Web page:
August 19, 2013

Why privacy laws should be based on data use, not data possession

For years I’ve argued three points about privacy intrusions and surveillance:

Since that last point is still very much a minority viewpoint,** I’ll argue it one more time below. 

*There are actually two papers at the same link. The first 17 pages contain the one I cited as supporting the chilling effects point, and …

**… the second paper is a rare case of somebody else making the use-based controls argument.

Whether or not you personally believe that terrorism is a Big Scary Deal, a largish fraction of your fellow citizens long will. After all:

The obvious conclusion is: Anti-terrorism-oriented surveillance will be with us for a long time. Privacy controls will not be accepted if they (seem to) much hamper governments’ attempts to forestall terrorist acts. That eliminates the possibility of sweeping “Keep the government in the dark” kinds of laws.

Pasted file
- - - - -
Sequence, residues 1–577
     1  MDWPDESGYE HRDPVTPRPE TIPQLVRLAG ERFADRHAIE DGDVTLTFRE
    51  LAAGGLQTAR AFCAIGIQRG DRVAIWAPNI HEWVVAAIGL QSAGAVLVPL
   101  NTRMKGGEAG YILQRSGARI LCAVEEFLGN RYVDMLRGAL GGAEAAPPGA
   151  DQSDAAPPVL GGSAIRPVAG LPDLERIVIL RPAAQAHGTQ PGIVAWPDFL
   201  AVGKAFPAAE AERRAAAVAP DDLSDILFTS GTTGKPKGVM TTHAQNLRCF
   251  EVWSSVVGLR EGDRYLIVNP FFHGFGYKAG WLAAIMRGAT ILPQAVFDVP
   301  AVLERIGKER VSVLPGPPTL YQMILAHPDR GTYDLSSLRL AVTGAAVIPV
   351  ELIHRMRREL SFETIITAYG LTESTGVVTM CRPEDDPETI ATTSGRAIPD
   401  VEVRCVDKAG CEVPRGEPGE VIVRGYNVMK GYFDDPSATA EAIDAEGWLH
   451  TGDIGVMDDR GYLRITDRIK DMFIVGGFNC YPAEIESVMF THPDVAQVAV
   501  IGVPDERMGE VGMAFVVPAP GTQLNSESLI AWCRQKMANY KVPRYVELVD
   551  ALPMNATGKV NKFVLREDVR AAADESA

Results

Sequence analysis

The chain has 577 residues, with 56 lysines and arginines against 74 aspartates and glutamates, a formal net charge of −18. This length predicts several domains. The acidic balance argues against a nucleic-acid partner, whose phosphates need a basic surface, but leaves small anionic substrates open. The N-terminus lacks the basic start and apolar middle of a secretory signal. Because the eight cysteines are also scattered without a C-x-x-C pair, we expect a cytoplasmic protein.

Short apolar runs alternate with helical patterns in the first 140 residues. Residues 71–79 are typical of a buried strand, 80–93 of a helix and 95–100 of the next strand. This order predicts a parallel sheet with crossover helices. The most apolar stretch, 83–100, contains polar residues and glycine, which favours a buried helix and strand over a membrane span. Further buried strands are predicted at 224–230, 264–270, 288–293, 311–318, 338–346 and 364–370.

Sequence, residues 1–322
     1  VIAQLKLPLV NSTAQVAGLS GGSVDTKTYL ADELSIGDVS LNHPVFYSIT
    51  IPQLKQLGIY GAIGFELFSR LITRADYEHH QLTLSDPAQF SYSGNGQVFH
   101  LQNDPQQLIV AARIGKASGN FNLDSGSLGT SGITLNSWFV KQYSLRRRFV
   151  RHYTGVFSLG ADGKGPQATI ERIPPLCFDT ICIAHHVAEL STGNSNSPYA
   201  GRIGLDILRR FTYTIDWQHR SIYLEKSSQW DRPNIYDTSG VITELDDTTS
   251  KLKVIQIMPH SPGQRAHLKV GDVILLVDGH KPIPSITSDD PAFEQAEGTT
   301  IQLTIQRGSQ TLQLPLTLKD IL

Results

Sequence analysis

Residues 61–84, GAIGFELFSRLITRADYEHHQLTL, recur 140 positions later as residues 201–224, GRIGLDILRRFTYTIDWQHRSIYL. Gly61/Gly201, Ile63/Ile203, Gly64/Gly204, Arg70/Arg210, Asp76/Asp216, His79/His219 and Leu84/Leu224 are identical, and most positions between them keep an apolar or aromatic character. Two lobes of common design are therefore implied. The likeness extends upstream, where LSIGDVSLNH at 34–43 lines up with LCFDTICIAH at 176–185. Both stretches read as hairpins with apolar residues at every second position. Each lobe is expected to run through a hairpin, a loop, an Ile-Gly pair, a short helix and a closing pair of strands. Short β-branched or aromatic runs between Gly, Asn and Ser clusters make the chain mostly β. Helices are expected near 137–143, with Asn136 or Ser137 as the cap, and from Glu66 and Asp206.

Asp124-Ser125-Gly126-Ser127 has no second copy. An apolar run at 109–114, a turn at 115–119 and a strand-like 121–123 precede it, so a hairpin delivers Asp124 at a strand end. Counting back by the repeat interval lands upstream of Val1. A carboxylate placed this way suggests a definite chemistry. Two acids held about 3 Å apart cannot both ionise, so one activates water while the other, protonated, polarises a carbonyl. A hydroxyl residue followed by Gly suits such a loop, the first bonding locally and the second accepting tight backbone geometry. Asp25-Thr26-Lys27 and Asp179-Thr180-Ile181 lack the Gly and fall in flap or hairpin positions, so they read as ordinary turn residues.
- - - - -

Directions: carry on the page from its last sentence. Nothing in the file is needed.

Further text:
Privacy observers nonetheless hope that data-flow controls alone can strike the needed balance between:

But I think their hope is vain, since technology is now much too complex and fast-changing for such rules ever to be gotten right. In particular:

The biggest point that most privacy commentators underestimate may be this: Monitoring of our daily activities is on track to become utterly pervasive, and foregoing this monitoring would require sacrificing a large fraction of future technological progress. Most of what we do leaves electronic trails, and most of the rest will before long. For example:

And whatever data is gathered, it all — or at least all its significant bits — will be collected and analyzed in the cloud, where nosy governments will find it easy to access.